19 June 2009

Paleo Road Trip '09: Lincoln

I've stopped in Lincoln several times on my road trips across the country, and on my very first trip I realized that it makes an excellent home-away-from-home for two reasons. First, it is the only place in the Northern Plains where you can reliably get dinner after 8:00. In fact, you can get some really good food there, particularly around the Haymarket district. This is a product, of course, of Lincoln being the college town to end all college towns, giving it a cosmopolitan air of a city several times its size. Case in point: Omaha is a much larger city less than an hour down the road, and it is certainly more of an economic powerhouse, but while it's not a bad place, it is something of a cultural wasteland. It is, to be fair, home of the College World Series and one of the nation's best zoos, but force me to choose between the two and I'll choose Lincoln 10 times out of 10. It was, in fact, Lincoln that taught me the valuable lesson that road trips are best broken up as legs between college towns, which has made my many cross-country excursions over the years much more enjoyable.
The other reason I have always had a fondness for Lincoln is what brought me to town this summer: it's home to one of the best - if most overlooked - paleontology museums in the US. As I noted in my last post, Nebraska is probably the best part of the world in which to find Miocene mammals, and the University of Nebraska State Museum reflects this rich fossil record spectacularly. It has case upon case of horse, rhino, and camel skeletons, but somewhat counterintuitively, the real reason paleontologists should take the time to visit Lincoln is their collection of fossil elephants and elephant relatives, which is the largest in the world and includes the largest mammoth I've ever seen (which is, not coincidentally, the state fossil of Nebraska).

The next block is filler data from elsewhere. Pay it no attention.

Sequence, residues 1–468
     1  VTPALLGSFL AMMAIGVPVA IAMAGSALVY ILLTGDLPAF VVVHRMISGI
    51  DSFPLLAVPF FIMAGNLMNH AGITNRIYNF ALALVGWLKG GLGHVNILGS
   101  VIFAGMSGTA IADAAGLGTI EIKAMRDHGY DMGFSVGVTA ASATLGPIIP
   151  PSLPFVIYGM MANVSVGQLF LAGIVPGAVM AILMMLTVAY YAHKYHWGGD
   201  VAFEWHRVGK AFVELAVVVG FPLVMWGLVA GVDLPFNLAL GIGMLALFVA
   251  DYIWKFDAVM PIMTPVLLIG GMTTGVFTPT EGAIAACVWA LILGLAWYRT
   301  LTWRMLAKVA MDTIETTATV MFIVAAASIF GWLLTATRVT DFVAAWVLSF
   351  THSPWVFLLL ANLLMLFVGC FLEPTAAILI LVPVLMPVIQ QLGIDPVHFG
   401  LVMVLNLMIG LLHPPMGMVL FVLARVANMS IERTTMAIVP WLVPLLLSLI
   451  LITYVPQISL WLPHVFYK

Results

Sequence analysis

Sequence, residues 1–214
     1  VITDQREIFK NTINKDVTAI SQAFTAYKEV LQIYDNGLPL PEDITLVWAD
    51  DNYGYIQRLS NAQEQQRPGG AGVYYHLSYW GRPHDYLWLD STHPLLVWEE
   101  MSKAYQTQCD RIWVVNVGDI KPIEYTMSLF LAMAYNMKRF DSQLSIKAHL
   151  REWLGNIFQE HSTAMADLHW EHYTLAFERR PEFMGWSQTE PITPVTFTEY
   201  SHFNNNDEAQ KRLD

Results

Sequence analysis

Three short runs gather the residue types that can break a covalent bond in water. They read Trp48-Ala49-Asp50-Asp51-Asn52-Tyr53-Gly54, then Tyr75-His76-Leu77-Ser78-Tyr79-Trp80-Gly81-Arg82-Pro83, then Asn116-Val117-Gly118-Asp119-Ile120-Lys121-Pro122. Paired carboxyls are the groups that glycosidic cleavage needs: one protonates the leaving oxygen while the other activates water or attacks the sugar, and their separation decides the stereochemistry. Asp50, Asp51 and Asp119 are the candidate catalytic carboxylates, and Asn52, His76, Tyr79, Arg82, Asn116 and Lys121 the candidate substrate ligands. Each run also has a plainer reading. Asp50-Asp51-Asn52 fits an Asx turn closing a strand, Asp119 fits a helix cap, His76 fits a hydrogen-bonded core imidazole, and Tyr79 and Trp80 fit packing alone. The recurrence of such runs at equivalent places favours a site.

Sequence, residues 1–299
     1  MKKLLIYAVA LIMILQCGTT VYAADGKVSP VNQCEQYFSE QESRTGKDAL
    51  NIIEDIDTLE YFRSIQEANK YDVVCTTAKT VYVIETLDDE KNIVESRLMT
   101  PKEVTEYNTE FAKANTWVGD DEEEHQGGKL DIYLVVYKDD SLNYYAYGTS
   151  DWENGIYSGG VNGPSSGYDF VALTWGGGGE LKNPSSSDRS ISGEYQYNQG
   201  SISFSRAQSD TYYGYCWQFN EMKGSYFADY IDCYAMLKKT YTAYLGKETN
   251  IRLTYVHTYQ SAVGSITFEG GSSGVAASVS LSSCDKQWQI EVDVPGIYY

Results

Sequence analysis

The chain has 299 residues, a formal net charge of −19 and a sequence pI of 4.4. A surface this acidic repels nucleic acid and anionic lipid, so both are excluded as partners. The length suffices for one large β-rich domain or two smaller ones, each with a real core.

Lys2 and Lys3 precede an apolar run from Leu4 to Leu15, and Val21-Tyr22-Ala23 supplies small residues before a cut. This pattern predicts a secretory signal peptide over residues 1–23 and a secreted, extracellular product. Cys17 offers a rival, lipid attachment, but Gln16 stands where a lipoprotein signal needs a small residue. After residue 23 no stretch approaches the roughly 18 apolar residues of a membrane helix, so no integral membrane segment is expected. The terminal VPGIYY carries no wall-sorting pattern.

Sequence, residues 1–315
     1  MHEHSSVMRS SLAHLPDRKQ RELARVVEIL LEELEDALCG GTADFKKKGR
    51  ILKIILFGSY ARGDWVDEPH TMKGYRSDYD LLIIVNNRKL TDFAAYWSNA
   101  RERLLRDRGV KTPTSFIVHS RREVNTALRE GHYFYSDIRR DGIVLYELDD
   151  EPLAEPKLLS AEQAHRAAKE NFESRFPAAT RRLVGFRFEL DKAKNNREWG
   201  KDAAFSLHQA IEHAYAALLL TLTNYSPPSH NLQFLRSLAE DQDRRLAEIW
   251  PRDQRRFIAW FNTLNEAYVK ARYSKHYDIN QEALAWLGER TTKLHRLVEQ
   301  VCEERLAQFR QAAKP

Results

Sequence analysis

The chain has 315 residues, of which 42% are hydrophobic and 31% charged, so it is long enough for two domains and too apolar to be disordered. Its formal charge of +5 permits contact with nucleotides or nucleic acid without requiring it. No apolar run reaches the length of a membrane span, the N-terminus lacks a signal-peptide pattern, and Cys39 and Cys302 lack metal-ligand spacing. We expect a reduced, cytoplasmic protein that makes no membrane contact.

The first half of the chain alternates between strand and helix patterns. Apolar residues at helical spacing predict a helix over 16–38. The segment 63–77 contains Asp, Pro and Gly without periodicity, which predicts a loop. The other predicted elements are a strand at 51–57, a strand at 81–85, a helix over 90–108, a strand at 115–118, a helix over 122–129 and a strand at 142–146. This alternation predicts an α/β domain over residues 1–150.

Of course, nowhere is perfect, and I happened to arrive in Lincoln at the same time as a fairly formidable storm front with some equally formidable tornadoes in tow. As noted before, I'm not a big fan of thunderstorms, and that goes double when those storms blot out the sun between the Missouri and the Wabash. Still, there are only so many ways of getting to Cincinnati from Lincoln, and the end of the first stage of my trip was destined to be made in the company of lightning, thunder, and blindingly heavy rain.

1 comment:

Anonymous said...

Nice blog page. Found you while looking 'fer camel bone photos or illustrations.

Good on ya'